The value of a digital transformation comes from changes in the company’s operating model, not from the technology itself. Benefits such as reduced head count, higher barrel throughput, and improved safety outcomes can best be delivered by cross-functional teams. The new breed of software engineers works side by side with the business, gradually obtaining domain knowledge as they solve pain points from day to day. Turf wars vanish when everyone is focused on business outcomes rather than tasks. At one North Sea operator, all digital development is conducted from a single digital factory, with staff split 50-50 between business and IT personnel.
Hiring, developing, and retaining digital talent in the organization
According to a recent survey, even companies with top-quartile IT performance suffer skill gaps and struggle to keep up with the demand for IT talent. One supermajor recently announced plans to bring most of its software engineering in house with the creation of more than 1,000 new IT positions. However, the fierce competition for digital talent means that most oil and gas companies will continue to use third-party sourcing as part of their personnel strategy. To that extent, a company’s ability to integrate external contractors into high-functioning teams will be as critical to its success as its hiring practices.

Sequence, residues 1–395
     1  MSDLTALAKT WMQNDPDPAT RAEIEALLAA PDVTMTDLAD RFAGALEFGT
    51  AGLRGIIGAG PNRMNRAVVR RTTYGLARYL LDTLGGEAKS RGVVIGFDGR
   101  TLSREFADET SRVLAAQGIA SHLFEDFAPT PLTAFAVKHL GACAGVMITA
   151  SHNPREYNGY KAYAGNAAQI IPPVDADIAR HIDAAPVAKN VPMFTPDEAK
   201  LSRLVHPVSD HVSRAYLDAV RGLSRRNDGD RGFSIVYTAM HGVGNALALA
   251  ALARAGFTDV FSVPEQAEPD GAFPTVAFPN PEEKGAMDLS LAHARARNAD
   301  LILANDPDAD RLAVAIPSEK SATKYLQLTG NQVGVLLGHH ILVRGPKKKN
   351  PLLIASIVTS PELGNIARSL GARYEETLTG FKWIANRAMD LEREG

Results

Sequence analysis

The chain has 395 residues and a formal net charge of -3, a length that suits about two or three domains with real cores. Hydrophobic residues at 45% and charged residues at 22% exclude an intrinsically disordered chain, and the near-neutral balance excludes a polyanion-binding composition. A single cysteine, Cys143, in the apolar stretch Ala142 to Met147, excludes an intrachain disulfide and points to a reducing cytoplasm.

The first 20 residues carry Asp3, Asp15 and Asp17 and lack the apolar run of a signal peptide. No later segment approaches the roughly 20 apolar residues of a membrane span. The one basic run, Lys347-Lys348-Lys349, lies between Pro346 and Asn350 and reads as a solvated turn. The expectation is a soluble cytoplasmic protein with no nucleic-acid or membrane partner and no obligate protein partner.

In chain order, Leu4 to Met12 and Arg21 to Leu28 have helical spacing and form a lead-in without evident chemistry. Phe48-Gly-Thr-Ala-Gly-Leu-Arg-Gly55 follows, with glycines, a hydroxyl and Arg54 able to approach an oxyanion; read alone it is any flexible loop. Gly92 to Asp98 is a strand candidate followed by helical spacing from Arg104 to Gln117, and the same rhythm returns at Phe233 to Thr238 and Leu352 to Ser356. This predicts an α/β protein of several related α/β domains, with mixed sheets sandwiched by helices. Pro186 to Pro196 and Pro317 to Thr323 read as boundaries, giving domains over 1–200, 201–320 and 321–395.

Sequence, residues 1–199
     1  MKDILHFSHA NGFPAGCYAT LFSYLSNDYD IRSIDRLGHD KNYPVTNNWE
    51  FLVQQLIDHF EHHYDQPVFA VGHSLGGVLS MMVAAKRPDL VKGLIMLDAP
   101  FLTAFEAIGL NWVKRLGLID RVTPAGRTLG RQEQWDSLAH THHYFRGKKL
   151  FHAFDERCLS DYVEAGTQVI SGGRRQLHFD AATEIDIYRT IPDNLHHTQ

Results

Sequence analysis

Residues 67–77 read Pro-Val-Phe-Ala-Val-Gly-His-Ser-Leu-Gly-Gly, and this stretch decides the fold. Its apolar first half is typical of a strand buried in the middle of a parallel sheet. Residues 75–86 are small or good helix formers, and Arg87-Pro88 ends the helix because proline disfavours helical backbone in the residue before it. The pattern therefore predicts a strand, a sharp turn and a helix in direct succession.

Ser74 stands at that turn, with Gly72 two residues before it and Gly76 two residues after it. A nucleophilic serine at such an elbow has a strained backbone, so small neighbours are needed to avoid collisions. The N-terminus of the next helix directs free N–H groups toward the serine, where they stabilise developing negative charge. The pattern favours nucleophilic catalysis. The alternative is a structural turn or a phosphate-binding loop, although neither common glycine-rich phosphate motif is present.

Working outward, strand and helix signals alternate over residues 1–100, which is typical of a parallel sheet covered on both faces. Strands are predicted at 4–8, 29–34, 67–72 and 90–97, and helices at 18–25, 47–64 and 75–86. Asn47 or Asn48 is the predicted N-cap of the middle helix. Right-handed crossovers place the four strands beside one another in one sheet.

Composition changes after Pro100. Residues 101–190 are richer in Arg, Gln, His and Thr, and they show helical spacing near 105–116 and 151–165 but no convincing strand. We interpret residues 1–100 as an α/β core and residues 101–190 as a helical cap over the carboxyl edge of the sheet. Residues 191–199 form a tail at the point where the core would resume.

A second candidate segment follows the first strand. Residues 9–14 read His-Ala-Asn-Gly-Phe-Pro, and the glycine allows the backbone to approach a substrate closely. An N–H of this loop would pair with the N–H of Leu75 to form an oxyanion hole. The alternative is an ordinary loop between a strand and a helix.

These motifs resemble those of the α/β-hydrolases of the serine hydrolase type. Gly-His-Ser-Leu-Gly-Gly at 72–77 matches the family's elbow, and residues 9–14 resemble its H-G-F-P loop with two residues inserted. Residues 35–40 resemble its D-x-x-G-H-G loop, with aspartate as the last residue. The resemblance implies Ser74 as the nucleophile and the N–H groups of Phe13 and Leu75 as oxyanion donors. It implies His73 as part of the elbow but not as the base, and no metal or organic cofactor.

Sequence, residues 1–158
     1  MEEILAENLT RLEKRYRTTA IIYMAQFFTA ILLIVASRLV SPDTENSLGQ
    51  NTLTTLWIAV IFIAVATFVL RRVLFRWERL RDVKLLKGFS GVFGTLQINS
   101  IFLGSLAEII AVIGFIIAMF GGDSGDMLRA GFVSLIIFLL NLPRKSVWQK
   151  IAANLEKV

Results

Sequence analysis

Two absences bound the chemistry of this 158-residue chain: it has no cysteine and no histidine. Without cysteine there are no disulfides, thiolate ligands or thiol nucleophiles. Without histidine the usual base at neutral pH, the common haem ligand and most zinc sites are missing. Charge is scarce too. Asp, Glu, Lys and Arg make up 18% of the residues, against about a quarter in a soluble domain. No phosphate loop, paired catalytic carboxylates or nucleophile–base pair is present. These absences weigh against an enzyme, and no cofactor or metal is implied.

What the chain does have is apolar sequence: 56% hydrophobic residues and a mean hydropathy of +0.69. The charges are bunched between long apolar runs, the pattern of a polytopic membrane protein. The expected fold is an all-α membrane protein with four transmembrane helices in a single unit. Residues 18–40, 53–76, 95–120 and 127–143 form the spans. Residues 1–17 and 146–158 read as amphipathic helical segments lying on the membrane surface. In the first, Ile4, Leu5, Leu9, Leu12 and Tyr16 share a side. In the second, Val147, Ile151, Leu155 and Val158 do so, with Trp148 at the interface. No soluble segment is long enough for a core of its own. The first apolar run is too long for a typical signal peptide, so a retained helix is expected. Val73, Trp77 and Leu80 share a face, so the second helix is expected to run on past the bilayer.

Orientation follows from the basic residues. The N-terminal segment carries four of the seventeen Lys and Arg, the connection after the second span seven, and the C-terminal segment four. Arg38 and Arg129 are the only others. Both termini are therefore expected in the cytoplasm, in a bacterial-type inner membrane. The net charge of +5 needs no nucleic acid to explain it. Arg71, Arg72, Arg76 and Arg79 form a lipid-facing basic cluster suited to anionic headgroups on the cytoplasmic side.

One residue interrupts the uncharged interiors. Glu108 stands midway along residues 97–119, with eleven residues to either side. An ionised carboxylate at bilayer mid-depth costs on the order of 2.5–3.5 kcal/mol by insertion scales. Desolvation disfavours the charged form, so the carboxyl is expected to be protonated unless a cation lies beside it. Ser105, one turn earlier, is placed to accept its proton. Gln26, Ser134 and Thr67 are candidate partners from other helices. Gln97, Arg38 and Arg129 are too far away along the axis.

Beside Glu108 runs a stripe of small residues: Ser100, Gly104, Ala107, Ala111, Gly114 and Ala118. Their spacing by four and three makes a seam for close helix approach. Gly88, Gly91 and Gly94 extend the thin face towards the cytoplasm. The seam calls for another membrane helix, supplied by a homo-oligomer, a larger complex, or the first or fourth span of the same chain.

Bringing about a cultural shift to sustain the impact of the transformation
To help drive adoption and permanently change the operating model, the CIO must educate everyone in the organization, from frontline staff to leaders, about what technology can do. IT can also operate as a change agent in its own right by modeling design thinking, iterative delivery, and cross-functional collaboration—all vital ingredients in the performance of any modern knowledge organization.